BSc Anatomical Sciences / Course details

Year of entry: 2022

Course unit details:
Principles of Infectious Disease

Unit code BIOL21192
Credit rating 10
Unit level Level 2
Teaching period(s) Semester 2
Offered by School of Biological Sciences
Available as a free choice unit? No


Principles of Infectious Disease will provide you with a broad understanding of the biology of microbial infections, with an emphasis on bacterial human infections. You will study the mechanisms of microbial pathogenicity, starting with pathogen transmission and entry into the host, progressing through adhesion and invasion, to cell and tissue damage and host responses to injury. The diseases studied will include tuberculosis, cholera, listeriosis. salmonellosis, gonorrhoea and pseudomembranous colitis.


Unit title Unit code Requirement type Description
Microbes, Humankind and the Environment BIOL10532 Pre-Requisite Compulsory
Fundamentals of Bacteriology BIOL21181 Co-Requisite Recommended
Immunology BIOL21242 Co-Requisite Recommended
BIOL21192 Pre- & Co-requisites are BIOL10532


To explore the fundamentals of how microorganisms cause disease and the interactions that occur between a pathogen and host during infection. To study the mechanisms of microbial pathogenicity (focussing mainly on bacteria), starting with pathogen transmission and entry into the host, progressing through adhesion, invasion and pathogen survival strategies within a host, to cell and tissue damage and host responses to infection. To gain a detailed understanding of the mechanisms of pathogenesis and disease for exemplary human pathogens.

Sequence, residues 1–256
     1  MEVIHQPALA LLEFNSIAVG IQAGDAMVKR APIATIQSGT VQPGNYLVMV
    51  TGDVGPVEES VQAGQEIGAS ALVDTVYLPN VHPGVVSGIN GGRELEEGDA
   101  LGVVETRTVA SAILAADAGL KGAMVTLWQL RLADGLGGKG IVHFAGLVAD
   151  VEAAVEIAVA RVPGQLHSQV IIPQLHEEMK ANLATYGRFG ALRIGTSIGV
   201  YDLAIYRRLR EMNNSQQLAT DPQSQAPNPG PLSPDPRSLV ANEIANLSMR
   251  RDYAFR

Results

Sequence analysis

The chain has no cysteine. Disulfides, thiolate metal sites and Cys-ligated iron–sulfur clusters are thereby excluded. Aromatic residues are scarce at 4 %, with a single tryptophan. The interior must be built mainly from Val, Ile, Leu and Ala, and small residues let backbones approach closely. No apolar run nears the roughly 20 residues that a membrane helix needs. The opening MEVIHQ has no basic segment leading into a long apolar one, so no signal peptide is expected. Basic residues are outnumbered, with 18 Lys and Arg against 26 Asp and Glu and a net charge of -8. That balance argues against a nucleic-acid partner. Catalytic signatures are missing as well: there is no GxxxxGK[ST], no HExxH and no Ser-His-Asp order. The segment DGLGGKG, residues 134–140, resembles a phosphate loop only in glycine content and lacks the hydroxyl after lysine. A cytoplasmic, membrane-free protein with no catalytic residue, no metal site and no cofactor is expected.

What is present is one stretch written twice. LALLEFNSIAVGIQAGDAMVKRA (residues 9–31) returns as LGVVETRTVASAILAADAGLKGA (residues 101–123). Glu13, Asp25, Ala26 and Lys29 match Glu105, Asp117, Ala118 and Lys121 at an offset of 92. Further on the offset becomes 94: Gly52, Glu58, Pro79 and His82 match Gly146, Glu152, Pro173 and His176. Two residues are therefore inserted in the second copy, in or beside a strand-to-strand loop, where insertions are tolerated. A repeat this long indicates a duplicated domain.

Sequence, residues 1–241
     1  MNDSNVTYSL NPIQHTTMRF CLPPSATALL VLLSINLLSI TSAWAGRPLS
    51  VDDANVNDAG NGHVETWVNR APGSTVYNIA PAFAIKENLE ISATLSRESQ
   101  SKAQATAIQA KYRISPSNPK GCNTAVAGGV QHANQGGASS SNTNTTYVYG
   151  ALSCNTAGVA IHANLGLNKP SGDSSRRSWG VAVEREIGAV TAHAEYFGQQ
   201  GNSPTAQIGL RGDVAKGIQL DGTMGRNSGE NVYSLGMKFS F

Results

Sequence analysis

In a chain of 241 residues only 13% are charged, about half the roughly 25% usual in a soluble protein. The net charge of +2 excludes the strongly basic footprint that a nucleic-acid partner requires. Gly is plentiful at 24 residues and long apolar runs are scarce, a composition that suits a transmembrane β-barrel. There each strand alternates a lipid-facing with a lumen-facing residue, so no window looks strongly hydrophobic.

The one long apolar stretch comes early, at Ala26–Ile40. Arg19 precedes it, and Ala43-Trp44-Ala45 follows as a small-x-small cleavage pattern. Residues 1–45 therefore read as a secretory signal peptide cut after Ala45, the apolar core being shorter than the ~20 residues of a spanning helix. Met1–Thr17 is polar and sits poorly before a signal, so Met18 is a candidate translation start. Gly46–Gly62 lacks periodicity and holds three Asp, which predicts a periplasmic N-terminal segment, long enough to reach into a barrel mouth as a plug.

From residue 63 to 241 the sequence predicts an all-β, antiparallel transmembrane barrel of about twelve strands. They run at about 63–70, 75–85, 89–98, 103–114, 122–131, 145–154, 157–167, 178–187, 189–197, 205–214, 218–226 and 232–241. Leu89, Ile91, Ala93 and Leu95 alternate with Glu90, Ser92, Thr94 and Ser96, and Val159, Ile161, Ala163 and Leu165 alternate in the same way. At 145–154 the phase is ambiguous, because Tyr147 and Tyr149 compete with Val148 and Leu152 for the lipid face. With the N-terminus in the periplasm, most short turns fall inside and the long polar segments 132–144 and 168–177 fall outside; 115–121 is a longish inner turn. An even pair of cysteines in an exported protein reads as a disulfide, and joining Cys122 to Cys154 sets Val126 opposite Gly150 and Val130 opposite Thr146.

Learning outcomes

On successful completion of this unit, students should be able to:

  • Define the key host defences in preventing microbial infections and explain how they protect against bacterial pathogens.
  • Describe the strategies used by bacteria to penetrate host external defences and explain, using examples, the mechanisms used in host colonisation and/or invasion.
  • Describe, including examples, bacterial strategies for avoiding killing by phagocytes and explain how they function.
  • Describe bacterial strategies for evading complement and antibodies and explain the mechanisms involved.
  • Outline key factors that contribute to opportunistic infections.
  • Describe the burden of fungal infections in humans and the virulence mechanisms of key fungal pathogens
  • Define the structural features of bacterial products that contribute to the pathology of infectious disease (including endotoxin, exotoxins, lipoarabinommannan, pili, polysaccharide capsules, urease, invasins and secreted effector proteins. Use this information to explain how they function.
  • Illustrate the mechanisms of action of bacterial exotoxins. Compare and contrast their structures and mechanisms of action.
  • Explain the mechanisms of pathogenesis of selected human pathogens in detail (these representing paradigms of pathogen-host interactions) and analyse how these mechanisms promote survival within a host.
  • Describe the main classes of antibiotics and their targets and discuss examples of antibiotic resistance.
    • Basic concepts of microbial pathogenicity and virulence
      • Colonisation and invasion of the host: Routes of entry and exit.
      • Host surface defences and bacterial mechanisms of colonisation and invasion
      • The normal microbiota & opportunistic infections